I'm looking forward to tomorrow. I've had false dawns aplenty, but I believe this one is real.
Sleep well one and all, and I'll see you on the other side.
Sunday 29th March 2020
Health update, Sunday 29th March, 8:08am
I want some pink medicine. If you've never had pink medicine, it probably means you're not old enough. You've missed out. I guess it was probably something like Calpol. It was a sweet, thick, milky, and tasted of, possibly, strawberry. Very comforting. It was a joy when you could convince your parents you needed some.
Health update: Sunday 29th March, 9:42am
I'm definitely feeling better. The post about pink medicine earlier was a reflection of my mood. However I was very quickly made aware of how precarious things are. I just had a shower (regular readers will recognise the theme). The shower room is about ten yards from my bed. I became breathless very quickly, just trying to shampoo my hair and soap down my body. There is a seat that I had to use, and just rest for quite a while. Drying myself, putting on clothes, and walking back to my bed, made me very short of breath and I felt like vomiting. I am definitely improved. I am definitely not well.
Health update, Sunday 29th March, 1.50pm
I've been visited by the duty consultant. My swab test came back positive, I do have covid 19. I'm relieved to have the confirmation.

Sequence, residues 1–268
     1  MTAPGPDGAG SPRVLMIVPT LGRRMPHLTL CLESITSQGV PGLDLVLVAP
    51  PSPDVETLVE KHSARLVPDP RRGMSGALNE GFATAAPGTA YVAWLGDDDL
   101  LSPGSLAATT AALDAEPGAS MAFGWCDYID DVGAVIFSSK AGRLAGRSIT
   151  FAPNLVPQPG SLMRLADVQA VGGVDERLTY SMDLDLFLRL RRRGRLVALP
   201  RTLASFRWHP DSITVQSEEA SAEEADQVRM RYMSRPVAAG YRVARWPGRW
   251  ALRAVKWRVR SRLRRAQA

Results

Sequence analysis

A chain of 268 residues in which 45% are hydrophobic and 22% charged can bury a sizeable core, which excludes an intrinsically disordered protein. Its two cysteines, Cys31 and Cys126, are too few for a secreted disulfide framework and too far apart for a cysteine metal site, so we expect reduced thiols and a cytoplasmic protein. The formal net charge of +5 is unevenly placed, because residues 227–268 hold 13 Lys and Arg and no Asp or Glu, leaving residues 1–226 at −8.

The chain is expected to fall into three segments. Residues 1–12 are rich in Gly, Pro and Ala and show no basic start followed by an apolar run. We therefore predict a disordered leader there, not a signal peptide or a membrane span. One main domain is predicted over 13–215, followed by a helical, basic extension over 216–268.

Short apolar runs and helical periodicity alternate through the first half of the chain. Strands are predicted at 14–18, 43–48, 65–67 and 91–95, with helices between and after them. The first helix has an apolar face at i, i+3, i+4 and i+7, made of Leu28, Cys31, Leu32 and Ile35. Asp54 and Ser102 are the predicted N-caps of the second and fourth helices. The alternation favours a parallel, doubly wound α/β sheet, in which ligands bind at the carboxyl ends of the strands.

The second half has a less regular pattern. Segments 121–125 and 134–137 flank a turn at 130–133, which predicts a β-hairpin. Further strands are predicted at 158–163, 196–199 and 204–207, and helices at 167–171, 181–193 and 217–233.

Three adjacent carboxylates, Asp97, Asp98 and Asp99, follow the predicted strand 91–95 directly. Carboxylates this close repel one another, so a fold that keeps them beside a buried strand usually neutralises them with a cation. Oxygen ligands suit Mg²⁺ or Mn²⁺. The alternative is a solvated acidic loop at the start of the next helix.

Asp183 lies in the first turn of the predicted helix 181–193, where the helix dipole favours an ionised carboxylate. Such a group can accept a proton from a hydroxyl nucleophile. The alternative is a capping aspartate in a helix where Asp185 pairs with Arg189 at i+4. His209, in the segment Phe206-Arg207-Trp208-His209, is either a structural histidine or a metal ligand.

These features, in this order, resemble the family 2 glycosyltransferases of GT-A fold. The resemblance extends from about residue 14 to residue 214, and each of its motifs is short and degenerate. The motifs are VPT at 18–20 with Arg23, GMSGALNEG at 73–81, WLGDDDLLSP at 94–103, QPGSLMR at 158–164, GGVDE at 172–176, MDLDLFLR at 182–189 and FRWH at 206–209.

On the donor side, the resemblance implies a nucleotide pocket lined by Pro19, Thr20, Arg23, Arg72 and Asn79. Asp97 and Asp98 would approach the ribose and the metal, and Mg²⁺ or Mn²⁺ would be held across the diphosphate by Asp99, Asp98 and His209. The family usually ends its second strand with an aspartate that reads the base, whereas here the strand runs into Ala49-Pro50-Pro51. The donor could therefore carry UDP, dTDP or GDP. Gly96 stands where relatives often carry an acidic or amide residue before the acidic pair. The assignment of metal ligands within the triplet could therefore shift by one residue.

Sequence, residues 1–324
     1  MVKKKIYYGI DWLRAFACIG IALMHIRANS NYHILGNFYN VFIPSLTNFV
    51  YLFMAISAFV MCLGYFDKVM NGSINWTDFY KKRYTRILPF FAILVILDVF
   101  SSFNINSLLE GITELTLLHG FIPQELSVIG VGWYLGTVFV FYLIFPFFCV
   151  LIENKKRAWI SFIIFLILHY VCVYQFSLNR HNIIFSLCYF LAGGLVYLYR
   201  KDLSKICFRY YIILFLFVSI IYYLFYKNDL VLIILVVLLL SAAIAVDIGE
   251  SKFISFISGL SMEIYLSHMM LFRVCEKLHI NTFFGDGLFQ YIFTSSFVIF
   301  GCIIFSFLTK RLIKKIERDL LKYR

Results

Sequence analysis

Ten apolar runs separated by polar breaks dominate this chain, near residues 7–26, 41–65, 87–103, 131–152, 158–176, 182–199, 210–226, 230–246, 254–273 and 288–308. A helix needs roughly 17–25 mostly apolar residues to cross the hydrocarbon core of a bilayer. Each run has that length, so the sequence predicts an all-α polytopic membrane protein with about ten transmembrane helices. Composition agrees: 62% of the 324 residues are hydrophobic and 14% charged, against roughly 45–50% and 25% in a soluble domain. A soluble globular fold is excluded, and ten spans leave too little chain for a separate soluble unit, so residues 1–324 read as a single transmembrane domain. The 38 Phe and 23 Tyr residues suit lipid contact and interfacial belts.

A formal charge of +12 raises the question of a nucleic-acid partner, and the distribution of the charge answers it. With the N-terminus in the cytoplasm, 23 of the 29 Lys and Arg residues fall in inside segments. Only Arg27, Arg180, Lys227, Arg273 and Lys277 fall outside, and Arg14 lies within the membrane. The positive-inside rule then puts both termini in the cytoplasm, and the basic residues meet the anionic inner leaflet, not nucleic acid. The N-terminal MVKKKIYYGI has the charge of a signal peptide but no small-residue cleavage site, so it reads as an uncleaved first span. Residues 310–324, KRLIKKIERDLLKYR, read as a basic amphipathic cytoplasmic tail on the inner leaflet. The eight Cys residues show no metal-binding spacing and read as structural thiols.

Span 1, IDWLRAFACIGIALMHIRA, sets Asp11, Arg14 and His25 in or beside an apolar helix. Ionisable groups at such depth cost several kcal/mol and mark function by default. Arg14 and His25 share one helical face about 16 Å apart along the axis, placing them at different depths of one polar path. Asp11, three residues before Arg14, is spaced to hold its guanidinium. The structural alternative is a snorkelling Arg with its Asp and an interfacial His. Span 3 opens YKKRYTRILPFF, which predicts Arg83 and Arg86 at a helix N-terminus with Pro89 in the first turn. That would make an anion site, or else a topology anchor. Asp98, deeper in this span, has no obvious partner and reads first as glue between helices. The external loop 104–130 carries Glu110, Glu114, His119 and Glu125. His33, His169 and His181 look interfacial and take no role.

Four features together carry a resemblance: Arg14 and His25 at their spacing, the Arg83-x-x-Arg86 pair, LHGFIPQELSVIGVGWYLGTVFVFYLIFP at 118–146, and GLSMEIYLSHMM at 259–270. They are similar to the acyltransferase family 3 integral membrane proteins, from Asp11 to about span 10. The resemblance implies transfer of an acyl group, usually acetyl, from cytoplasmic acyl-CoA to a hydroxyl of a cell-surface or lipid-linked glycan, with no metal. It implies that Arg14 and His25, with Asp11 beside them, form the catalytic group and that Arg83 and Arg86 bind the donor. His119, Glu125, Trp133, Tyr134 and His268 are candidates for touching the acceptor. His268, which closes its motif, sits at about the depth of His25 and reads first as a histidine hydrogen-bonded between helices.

I'll probably be going home tomorrow, not today. They've stopped the oxygen supply and want to see how I go overnight without it. (By which I mean they've stopped extra oxygen ... I'm still allowed the normal amount.) Just stopping that is a relief because two little tubes poked up my nostrils 24/7 is very irritating.
My breathing is still shallow and won't support much activity. Just sitting still is an effort.
Monday 30th March
Health update, Monday 30th March, 8.45am
Most things are fine now, except one very important thing. Having removed my additional oxygen they hoped it would stabilise at the required 95. This morning it was 92/93. That's not good enough to go home. It might have been a one off blip. They're going to monitor and have given me some breathing and posture tips.
I've had a constipation issue. I'll spare you details but there has been movement!